digital marketer

When to hire a digital marketer to your team

  • When you can afford a digital marketer salary - and it’s less or equal to what you’re spending to outsource. This number will depend on where you live (you can easily look up local salary comparisons online) or how much you want to spend if you search for a remote team member. If you’re unsure, it wouldn’t hurt to put some hiring ads out and do a few interviews to get some confirmation that’s the route you’re ready for.

  • When you’re ready to manage/lead a new team member. Remember that leadership also requires a time investment, so consider whether you’re ready to lead them, cultivate their career, bring them into the culture of the company and facilitate their interactions with you and other team members first.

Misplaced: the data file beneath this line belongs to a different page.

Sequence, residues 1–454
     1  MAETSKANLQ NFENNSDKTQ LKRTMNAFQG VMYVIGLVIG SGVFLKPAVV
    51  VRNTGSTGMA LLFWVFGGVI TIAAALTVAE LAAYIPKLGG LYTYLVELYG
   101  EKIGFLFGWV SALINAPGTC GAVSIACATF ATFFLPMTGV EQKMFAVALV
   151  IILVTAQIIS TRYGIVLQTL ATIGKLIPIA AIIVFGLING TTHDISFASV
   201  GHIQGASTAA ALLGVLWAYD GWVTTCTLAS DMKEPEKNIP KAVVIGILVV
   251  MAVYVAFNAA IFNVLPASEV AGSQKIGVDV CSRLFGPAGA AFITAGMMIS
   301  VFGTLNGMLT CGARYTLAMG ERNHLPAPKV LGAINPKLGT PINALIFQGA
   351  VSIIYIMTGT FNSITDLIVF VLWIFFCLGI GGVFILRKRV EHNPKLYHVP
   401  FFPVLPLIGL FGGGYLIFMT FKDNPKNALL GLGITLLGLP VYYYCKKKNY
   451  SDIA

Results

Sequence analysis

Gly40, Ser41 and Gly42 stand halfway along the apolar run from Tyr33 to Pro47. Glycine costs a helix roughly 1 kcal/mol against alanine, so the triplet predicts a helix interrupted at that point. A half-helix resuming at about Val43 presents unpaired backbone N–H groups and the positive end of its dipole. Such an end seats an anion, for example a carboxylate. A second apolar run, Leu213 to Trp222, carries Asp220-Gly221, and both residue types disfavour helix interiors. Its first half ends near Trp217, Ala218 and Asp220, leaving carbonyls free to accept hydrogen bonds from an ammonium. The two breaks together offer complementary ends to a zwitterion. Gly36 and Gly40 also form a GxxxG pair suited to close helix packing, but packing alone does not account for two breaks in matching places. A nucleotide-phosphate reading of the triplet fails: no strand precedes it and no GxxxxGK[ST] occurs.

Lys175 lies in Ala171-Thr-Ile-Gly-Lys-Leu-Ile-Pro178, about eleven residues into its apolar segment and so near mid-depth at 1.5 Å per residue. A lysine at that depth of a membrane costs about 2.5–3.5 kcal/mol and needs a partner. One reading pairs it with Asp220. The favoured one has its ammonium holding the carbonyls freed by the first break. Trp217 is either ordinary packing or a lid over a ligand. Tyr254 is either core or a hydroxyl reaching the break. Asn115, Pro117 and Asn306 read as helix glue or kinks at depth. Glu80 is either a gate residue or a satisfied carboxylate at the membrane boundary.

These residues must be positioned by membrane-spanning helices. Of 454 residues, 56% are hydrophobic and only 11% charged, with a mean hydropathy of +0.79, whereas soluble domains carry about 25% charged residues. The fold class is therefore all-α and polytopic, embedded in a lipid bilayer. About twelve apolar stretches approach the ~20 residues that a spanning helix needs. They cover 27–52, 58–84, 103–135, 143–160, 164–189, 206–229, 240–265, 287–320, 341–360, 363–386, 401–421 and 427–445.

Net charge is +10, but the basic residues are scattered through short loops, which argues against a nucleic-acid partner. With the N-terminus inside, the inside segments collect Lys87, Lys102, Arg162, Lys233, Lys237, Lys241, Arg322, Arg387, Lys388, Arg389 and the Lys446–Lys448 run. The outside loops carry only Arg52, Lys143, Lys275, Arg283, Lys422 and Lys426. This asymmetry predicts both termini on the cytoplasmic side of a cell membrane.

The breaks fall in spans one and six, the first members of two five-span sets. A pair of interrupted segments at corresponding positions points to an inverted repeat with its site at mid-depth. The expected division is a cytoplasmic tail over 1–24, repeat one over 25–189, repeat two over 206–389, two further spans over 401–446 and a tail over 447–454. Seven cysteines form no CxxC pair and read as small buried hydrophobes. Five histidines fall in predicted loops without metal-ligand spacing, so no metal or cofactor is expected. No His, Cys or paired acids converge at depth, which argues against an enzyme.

• When you’re ready to have an in-house marketing team. If you run a company that could truly benefit from dedicated, in-house marketing, a digital marketer is a must. There are many roles that can still be outsourced but someone to oversee your digital marketing plan and work with those outsourced vendors is a good foundation for building a full team upon.

I hope this was helpful! As always, put questions in the comments below or let me know if you benefitted from this blog. I love feedback and to know someone’s reading :) Best wishes as you invest in your business marketing!

What a digital marketer's 2019 digital marketing plan looks like